• Last Updated: 2018-11-22

Lhasa literally means "place of the gods". It is considered by the Tibetans as their holy land. Lhasa also sparks the interest of nature lovers and culture and history buffs. Nature and religion, the 2 pillars of this city will surely not disappoint you and it might just bring a new light to your life at best and could give you a good rest and relaxation moment.

Lhasa city is located in the west of the Peoples' Republic of China. With a population of about 225,000 and with 3 major nationalities (Tibetan, Han, Hui) speaking Tibetan, Mandarin and Jin( a Chinese dialect from Hohhot region), it is guaranteed that a genuine oriental diversity will be experienced, being able to immerse yourself in not just a single culture in Tibet but also it is an eye-opening experience to anyone. You will be surprised that how vast the world can be and how a person's lifestyle differs from yours. 

The history of this majestic town dates back to ancient times, in the 7th century to be exact, leading by Songtsän Gampo, the third Tibetan king, who is the highest person in the Tibetan Empire at that time. His empire was making its rise up in the Brahmaputra River after they occupied the Zhangzhung kingdom from the west, and did a bold move of moving the capital from Chingwa Taktsé Castle in Chongye County to Rasa (now known as Lhasa). The astonishing leader nurtured the land and even built the first structures in the territory which is now known as the Potala Palace on top of Mount Marpori in CE 683. He later conquered the whole Tibetan region, and made ties with Nepal and the Imperial Tang Court. He then converted into Buddhism and built 2 temples, the Jokhang (or Rasa Trülnang Tsulagkhang) and Ramoche Temples to house 2 Buddhist statues the Akshobhya Vajra (depicting the Buddha at the age of eight) and the Jowo Sakyamuni (depicting Buddha at the age of twelve. The city had suffered greatly during the 9th century during the rule of Langdarma but was later on brought back to its former glory during the rise of the 5th Dalai Lama.

Aside from its amazing history, Lhasa city also has some breath-taking views that can equal its history when it comes to beauty, with five UNESCO world heritage sites, each one is worth a visit and a must if you really want to commit to your trip and experience a maybe once in a lifetime visit. On the top of this list is the Potala Palace named after the mount it is resting on; Mount Potala. It is the main residence of the Dalai Lama, the living God for Tibetans. Now it turned into a Museum after its restoration when the 14th Dalai Lama fled to India in 1959 in order to escape the Tibetan uprising. The site was a favorite of King Songtsen Gampo, the first leader of Lhasa, to meditate and relax himself. The site was renovated from 1989, 5 years and $ 6.857 million later, it became one of the UNESCO heritage sites. After a trip to the Potala Palace, heading towards the "iron mountain", Chokpori will surely empower your soul, it’s one of 4 holy mountains around Tibet, it was also the former site of the Tibet Medical School founded in 1413. Go down a sacred path! Lingkhor, the outer pilgrim road in Lhasa who happened to have a twin, which is the inner road: Barkhor. The Inner road, stretching 8 kilometers (5.0 miles) surrounds old Lhasa, the twin Potala and Chokpori hills, it was once covered with pilgrims both men and women, young and old, the rich and the beggars as they march on towards the city walking in lush willow covered paths that doubles as picnic grounds for Tibetans during the summer. The Jokhang, planted on the old town section in Lhasa, on Barkhor Square. It is the most hold of all grounds for Tibetans, and along with Potala Palace, it becomes the most known duo to visit when in Lhasa, both are UNESCO world heritage sites and as a result of the nurturing and growing of Lhasa from the olden times.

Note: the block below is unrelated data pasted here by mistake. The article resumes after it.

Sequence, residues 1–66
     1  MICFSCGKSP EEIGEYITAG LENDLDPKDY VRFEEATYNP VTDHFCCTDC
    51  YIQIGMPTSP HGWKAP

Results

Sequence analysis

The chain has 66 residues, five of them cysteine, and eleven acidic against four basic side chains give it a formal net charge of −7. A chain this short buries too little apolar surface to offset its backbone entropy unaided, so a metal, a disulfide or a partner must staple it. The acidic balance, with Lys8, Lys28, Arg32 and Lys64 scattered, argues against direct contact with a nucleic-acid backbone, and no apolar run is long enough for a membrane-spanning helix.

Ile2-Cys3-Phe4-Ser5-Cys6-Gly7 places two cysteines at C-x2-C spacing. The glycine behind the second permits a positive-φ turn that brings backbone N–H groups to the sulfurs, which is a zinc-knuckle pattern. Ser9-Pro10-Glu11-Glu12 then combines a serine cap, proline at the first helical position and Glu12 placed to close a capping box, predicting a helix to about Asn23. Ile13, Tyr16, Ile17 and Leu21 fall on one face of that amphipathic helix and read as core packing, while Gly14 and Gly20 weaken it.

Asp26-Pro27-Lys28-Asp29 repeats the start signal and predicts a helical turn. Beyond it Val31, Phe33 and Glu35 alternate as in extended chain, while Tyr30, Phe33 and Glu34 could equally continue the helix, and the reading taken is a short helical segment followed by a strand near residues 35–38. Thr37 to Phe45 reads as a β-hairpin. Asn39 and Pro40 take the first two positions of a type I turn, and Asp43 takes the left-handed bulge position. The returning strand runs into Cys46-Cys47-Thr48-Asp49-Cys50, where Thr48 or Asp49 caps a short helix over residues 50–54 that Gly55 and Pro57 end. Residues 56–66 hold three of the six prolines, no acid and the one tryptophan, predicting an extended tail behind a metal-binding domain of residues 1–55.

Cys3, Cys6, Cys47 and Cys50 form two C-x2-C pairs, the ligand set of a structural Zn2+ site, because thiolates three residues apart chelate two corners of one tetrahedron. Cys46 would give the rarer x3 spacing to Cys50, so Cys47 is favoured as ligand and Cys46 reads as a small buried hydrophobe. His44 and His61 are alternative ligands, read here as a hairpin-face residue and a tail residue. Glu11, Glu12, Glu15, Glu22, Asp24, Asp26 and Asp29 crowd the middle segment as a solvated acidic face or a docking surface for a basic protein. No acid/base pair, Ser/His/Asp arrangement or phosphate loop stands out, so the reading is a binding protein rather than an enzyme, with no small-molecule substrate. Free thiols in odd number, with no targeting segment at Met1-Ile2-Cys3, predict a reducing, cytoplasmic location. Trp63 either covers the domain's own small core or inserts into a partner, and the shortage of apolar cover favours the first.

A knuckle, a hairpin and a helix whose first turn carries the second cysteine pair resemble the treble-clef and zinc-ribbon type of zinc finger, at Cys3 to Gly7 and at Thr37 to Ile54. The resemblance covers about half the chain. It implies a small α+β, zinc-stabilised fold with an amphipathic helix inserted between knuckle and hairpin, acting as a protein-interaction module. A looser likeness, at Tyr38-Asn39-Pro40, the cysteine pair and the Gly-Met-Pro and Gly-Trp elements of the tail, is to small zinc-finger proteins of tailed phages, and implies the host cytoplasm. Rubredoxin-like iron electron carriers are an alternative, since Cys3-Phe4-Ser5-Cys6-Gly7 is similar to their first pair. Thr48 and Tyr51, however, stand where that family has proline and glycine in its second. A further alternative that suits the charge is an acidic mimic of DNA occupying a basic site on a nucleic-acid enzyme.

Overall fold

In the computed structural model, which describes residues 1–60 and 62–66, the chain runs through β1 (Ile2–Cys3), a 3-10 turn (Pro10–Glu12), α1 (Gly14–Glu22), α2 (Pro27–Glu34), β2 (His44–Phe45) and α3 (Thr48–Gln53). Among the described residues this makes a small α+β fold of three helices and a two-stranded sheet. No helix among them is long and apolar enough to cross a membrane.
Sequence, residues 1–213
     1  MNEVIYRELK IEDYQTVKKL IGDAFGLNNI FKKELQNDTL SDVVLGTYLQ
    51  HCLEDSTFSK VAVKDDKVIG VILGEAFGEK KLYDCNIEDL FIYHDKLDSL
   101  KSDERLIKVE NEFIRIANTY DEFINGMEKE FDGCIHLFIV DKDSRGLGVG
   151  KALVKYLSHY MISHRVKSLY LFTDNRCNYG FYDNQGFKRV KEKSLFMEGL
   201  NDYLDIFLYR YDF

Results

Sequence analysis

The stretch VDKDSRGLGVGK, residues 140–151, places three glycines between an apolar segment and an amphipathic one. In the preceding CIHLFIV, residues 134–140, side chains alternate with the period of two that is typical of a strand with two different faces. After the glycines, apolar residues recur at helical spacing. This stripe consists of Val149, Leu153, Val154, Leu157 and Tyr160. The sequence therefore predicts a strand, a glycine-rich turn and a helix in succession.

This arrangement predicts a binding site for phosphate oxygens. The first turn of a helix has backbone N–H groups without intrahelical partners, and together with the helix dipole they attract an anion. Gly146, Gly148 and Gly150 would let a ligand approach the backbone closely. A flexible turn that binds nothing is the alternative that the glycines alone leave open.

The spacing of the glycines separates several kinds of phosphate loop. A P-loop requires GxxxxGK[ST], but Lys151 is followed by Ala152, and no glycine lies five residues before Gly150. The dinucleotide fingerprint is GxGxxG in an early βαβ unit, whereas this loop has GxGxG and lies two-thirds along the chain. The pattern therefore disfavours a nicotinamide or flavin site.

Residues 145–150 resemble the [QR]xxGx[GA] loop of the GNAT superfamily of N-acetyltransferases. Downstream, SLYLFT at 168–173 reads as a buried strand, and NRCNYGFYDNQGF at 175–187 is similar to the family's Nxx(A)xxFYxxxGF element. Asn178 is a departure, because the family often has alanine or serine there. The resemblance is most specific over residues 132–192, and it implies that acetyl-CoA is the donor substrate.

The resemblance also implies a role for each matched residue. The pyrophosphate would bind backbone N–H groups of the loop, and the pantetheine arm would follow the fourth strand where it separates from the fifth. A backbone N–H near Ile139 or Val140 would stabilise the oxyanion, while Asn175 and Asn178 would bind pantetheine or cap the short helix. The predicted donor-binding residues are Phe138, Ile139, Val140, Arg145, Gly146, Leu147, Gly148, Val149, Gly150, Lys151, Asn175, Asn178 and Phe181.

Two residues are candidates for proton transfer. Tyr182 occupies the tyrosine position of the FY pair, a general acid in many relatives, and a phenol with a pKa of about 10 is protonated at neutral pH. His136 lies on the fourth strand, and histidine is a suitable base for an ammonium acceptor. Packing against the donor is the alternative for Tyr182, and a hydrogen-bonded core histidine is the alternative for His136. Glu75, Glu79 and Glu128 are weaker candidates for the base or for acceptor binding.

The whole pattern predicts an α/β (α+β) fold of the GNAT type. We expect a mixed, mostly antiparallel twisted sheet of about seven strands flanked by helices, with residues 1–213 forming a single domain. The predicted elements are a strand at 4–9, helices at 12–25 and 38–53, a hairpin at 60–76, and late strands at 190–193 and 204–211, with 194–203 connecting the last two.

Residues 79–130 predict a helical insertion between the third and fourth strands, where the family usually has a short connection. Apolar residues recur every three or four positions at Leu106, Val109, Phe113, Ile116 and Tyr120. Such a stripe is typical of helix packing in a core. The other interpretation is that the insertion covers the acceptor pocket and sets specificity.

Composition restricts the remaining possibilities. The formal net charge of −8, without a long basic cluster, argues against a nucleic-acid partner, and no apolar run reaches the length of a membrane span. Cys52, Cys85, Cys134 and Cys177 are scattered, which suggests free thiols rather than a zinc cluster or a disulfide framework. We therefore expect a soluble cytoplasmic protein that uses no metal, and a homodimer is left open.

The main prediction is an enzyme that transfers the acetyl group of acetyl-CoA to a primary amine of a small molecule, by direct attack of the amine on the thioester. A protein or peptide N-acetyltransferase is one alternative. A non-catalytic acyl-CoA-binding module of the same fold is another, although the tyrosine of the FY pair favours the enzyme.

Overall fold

In conclusion, Lhasa city is an amazing place to relax and reconnect with the soul, but always keep in mind to respect local customs and traditions when traveling. Here are some to do notes for you to pay attention to. Firstly, it is better to ask for permission when taking pictures or filming any locals, especially the elders. Second, do not wear clothes that are inappropriate or clothes, which are too revealing, especially when visiting holy places. Lastly, kindly offer some small amount of money when you are visiting shrines, it is a small price to pay for a lifetime of experience. Lhasa is a paradise waiting for you and we hope that you would be a part of your trip. Travel safe and have a wonderful time!

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